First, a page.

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‘State of Emergency’ for Programs for Littlest Learners

States are drastically underfunding programs for their youngest learners now more than ever, according to a report, even as researchers and policymakers increasingly point to pre-school as a ladder to the middle class.

Funding per student for state pre-school programs has reached its lowest point in a decade, according to “The State of Preschool 2012,” the annual yearbook released by Rutgers University’s National Institute for Early Education Research. “The 2011-2012 school year was the worst in a decade for progress in access to high-quality pre-K for America’s children,” the authors wrote. After a decade of increasing enrollment, that growth stalled, according to the report. Though the 2011-2012 school year marks the first time pre-K enrollment didn’t increase along with the rate of population change.

“The state of preschool was a state of emergency” in 2012, said Steve Barnett, NIEER’s director. Between the 2010-2011 and 2011-2012 school years, pre-K spending on state programs dropped by more than $548 million overall, and $442 per student (to $3,841) when adjusted for inflation, according to the report.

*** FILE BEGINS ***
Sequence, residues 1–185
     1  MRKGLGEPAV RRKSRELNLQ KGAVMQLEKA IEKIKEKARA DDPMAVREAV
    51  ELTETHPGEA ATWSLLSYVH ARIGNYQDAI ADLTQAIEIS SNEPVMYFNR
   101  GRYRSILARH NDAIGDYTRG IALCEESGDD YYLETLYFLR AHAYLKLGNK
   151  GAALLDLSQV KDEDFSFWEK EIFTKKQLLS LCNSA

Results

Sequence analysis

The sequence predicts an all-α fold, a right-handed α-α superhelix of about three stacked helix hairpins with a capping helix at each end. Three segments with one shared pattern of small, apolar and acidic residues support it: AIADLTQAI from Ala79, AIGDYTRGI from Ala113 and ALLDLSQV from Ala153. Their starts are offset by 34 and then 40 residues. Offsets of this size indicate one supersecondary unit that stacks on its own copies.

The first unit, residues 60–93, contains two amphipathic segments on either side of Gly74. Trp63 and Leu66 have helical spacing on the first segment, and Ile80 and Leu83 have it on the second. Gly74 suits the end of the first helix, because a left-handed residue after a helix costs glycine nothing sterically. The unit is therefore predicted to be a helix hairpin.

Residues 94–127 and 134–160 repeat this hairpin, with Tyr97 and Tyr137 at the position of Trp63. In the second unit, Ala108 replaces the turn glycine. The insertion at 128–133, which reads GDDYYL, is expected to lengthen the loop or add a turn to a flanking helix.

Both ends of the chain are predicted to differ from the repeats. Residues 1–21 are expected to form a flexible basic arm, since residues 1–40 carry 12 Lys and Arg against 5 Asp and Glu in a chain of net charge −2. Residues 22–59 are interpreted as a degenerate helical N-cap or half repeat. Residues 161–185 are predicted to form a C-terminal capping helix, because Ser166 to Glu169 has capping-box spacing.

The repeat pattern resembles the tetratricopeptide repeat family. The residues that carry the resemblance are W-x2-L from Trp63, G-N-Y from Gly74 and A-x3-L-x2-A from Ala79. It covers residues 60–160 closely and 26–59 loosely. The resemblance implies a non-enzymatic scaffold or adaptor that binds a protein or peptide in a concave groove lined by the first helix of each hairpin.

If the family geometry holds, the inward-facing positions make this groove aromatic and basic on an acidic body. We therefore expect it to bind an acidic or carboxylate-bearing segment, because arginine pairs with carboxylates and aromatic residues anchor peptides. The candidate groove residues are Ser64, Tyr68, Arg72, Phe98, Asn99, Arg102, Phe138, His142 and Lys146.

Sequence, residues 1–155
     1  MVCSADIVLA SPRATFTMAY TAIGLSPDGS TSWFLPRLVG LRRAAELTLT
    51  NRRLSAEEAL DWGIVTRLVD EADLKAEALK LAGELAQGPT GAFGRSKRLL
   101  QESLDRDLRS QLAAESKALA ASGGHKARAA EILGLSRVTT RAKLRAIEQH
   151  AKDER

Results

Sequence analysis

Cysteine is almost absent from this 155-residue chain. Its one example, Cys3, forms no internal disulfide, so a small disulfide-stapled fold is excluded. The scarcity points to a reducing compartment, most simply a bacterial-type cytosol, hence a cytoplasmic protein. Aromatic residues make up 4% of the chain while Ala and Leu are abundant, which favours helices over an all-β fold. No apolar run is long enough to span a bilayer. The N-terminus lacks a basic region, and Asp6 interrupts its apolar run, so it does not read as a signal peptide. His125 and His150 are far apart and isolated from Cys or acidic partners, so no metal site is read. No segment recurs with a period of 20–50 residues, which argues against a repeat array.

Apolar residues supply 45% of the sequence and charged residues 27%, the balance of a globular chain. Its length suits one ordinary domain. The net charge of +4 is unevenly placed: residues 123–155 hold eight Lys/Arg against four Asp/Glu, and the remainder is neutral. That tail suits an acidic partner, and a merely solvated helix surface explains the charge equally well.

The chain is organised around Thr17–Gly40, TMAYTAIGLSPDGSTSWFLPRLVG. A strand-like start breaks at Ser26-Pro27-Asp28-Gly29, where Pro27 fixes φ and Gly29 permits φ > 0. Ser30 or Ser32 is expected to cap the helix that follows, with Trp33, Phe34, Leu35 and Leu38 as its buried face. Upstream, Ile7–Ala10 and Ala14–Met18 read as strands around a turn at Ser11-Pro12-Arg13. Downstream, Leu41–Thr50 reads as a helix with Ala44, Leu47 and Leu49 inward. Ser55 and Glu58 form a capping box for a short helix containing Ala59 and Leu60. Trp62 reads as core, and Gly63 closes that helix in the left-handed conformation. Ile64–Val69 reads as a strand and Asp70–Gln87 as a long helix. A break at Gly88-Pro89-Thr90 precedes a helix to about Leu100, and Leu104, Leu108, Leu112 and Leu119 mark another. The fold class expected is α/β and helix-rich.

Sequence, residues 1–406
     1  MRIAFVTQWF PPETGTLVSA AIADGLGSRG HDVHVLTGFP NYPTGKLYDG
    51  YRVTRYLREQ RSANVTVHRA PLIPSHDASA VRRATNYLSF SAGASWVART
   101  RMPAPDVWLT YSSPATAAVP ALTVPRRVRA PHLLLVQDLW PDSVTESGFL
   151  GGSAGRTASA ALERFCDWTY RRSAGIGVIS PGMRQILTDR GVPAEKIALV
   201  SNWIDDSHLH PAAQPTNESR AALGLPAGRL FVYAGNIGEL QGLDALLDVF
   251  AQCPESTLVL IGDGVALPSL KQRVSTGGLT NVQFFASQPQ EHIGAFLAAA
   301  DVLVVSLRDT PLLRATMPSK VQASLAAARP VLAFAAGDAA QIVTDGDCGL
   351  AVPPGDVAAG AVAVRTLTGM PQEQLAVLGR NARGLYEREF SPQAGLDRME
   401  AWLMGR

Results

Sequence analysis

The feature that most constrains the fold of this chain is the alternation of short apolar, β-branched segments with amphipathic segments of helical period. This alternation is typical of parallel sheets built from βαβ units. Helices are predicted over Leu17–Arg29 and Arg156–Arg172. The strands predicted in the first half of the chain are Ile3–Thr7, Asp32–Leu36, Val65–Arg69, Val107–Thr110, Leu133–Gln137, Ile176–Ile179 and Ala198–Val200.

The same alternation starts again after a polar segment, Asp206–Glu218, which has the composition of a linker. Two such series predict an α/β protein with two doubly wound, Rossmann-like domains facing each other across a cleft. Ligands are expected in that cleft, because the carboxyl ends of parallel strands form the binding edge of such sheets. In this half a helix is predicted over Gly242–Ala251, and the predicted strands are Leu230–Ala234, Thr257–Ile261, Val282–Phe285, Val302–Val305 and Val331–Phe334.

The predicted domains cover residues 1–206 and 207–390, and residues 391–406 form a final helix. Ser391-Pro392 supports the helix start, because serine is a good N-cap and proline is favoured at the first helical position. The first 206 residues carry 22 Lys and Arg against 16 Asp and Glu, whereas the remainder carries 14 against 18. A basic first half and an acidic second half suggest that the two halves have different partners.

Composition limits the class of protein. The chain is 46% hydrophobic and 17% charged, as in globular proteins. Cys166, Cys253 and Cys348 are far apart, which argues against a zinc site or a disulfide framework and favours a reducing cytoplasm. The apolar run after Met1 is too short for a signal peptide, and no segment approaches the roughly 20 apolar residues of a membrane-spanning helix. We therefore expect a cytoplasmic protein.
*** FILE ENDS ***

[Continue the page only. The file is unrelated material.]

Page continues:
This means state pre-K funding per child has fallen more than $1,100 in real dollars from 2001-2002. “That’s the lowest since we’ve been tracking pre-K,” Barnett said. He called the cuts “severe” and “unprecedented.” This is the first time NIEER has seen average, per-student spending slip below $4,000.

And the NIEER report comes as President Barack Obama tries his hand at a dramatic expansion of preschool programs. In Obama’s 2014 budget, the administration proposed “Preschool for All,” a plan that would incentivize state spending on “high-quality” pre-K slots for 4-year-olds living below 200 percent of the poverty line by providing matching federal funds, paid for in part by an increase in the tobacco tax.

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